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Documents Relating to New Zealand's Participation in the Second World War 1939–45: Volume II

236 — The High Commissioner for New Zealand (Canberra) to the Prime Minister

The High Commissioner for New Zealand (Canberra) to the Prime Minister

17 May 1943

Your telegrams of 15 May.2 I saw the Prime Minister at noon today, and the following is an aide-mémoire of the views he expressed, which he wrote himself, and which he has now transmitted to me for your, and my, personal knowledge only:

Basic strategy imposes upon Australia holding the Pacific until Hitler has been defeated. A holding war in the Pacific imposes prolonged attrition on Australia and New Zealand whose manpower resources, already strained, may well be exhausted before Hitler is defeated. Should this happen, the failure would be disastrous in that the strategy would collapse, and its collapse would be due to our failure to provide the role assigned to us.

Japan is building up and on sea, land, and air is wearying us daily. More recently the combined effects of Japanese air and submarine attacks have been greatly to weaken our mountings for limited offensives, which are integral to our holding role.

The Kenney-Sutherland mission3 was basically for greater air allocations. It is, however, clear that military and economic strength, plus transportation capacity, are integral to the effective use of air power. Therefore, the combined manpower of Australia and New Zealand is now deficient for all requirements in a lengthy holding of our Pacific bases.

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On the higher diplomatic plane the fact that New Zealand would use up its Pacific division to (maintain ?) its Middle East division at strength would always prejudice the joint submissions of Halsey and MacArthur1 for Pacific requirements, apart from the repercussion upon the Australian Government.

Finally, New Zealand was a party to the set-up in the Pacific and therefore, with Australia, obliged to agree to directives given MacArthur and Halsey. These directives require the use of our combined total resources as things are, and the total we have will be deficient if the strain is prolonged.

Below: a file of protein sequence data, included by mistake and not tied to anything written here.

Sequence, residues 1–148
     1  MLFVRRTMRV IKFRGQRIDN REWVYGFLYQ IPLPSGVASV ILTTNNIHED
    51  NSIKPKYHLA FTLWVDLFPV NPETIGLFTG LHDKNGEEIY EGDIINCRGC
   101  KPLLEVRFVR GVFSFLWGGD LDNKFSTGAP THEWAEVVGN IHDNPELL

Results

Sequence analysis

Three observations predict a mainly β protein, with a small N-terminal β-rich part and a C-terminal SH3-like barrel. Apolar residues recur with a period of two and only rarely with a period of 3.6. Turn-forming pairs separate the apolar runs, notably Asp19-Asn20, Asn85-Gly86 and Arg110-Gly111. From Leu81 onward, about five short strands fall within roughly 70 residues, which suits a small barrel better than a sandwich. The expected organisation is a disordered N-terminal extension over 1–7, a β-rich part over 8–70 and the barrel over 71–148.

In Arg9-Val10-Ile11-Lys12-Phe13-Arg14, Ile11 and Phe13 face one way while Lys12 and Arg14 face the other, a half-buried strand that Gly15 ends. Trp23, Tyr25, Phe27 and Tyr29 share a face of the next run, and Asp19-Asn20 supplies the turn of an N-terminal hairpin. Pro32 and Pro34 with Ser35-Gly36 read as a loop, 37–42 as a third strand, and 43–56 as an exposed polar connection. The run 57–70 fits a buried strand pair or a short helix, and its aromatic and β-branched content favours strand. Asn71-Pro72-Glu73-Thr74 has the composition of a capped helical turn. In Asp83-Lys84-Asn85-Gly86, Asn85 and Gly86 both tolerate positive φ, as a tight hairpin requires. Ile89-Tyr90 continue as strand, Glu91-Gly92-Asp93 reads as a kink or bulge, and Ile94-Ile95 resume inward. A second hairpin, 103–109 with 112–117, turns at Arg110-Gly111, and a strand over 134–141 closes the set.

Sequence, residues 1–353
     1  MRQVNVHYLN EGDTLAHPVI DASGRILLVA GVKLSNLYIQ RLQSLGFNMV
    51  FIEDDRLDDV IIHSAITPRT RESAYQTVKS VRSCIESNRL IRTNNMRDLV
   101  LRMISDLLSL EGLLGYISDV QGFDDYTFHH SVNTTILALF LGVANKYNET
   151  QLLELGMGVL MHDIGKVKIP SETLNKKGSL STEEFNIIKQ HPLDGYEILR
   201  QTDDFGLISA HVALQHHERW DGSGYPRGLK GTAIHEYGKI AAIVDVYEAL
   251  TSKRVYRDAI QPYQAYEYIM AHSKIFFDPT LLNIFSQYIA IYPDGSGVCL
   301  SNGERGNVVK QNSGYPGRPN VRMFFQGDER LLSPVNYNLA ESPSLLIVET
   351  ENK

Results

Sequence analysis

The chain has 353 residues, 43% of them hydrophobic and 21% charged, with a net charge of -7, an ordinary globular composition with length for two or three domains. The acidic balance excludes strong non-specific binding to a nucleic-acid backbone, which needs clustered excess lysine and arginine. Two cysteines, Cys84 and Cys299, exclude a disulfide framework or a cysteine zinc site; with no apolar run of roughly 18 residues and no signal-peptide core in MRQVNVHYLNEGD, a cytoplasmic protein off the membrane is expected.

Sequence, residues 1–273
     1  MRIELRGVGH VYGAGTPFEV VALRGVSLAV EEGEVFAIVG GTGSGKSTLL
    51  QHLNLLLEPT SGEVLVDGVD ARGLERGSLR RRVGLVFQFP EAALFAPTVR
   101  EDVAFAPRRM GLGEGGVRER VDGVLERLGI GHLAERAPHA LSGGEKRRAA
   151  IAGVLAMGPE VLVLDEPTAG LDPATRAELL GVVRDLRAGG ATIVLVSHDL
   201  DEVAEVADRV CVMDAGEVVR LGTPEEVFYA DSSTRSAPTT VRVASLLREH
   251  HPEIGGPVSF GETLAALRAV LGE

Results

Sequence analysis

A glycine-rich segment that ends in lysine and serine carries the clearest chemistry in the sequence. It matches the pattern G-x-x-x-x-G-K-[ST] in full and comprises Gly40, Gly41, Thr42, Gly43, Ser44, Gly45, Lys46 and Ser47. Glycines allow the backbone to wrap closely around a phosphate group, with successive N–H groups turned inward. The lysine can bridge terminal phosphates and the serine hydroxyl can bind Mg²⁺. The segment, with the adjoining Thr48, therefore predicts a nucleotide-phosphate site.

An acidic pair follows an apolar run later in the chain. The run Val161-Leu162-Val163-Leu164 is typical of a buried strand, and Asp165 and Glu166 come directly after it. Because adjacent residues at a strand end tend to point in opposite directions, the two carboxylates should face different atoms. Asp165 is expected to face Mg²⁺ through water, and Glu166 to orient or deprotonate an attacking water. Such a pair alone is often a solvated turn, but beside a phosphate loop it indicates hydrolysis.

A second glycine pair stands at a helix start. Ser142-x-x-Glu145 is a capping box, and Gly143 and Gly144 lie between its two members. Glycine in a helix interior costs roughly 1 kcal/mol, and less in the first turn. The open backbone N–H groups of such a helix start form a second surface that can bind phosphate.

Malaria and tropical diseases in New Guinea and the Solomons cause heavy wastage in our forces. It could happen that a time would come when fighting and disease combined would compel Australia to ask for land forces to keep positions vital to holding.

This raises the question of whose forces should be sought. It is, in fact, desirable that the Union Jack should fly here as the standard of British interest in the Pacific. This presents serious physical problems, probably not surmountable, and makes all the more desirable joint Dominion forces as preferable to those of a foreign ally.

The Prime Minister obviously felt strongly on this matter as indicated by incidental remarks during the discussion, for example: ‘that is precisely the line that Churchill and Roosevelt took with me, and if I had listened to them we would have lost New Guinea,’ and ‘it is tough that we should be asked to supply munitions to New Zealand while New Zealand troops are still in the Middle East.’ While he reiterated that the decision must be entirely that of the New Zealand Government, and while he fully understood our perplexities, his opinion was unquestionably clear that all New Zealand troops should be available for the Pacific, a conclusion with which, on the balance narrowly, but definitely, I myself agree.

3 General George C. Kenney, Commander Allied Air Forces in South-West Pacific, and Lieutenant-General Richard K. Sutherland, Chief of Staff to General MacArthur, 1939–45.

1 General of the Army Douglas MacArthur; Commander-in-Chief United States Forces in the Philippines, 1941–42; Supreme Commander Allied Forces, South-West Pacific Area, 1942–45; C-in-C Far East and Supreme Commander for Allied Powers in Japan, 1945–51; Commander-in-Chief, United Nations Forces in Korea, 1950–51.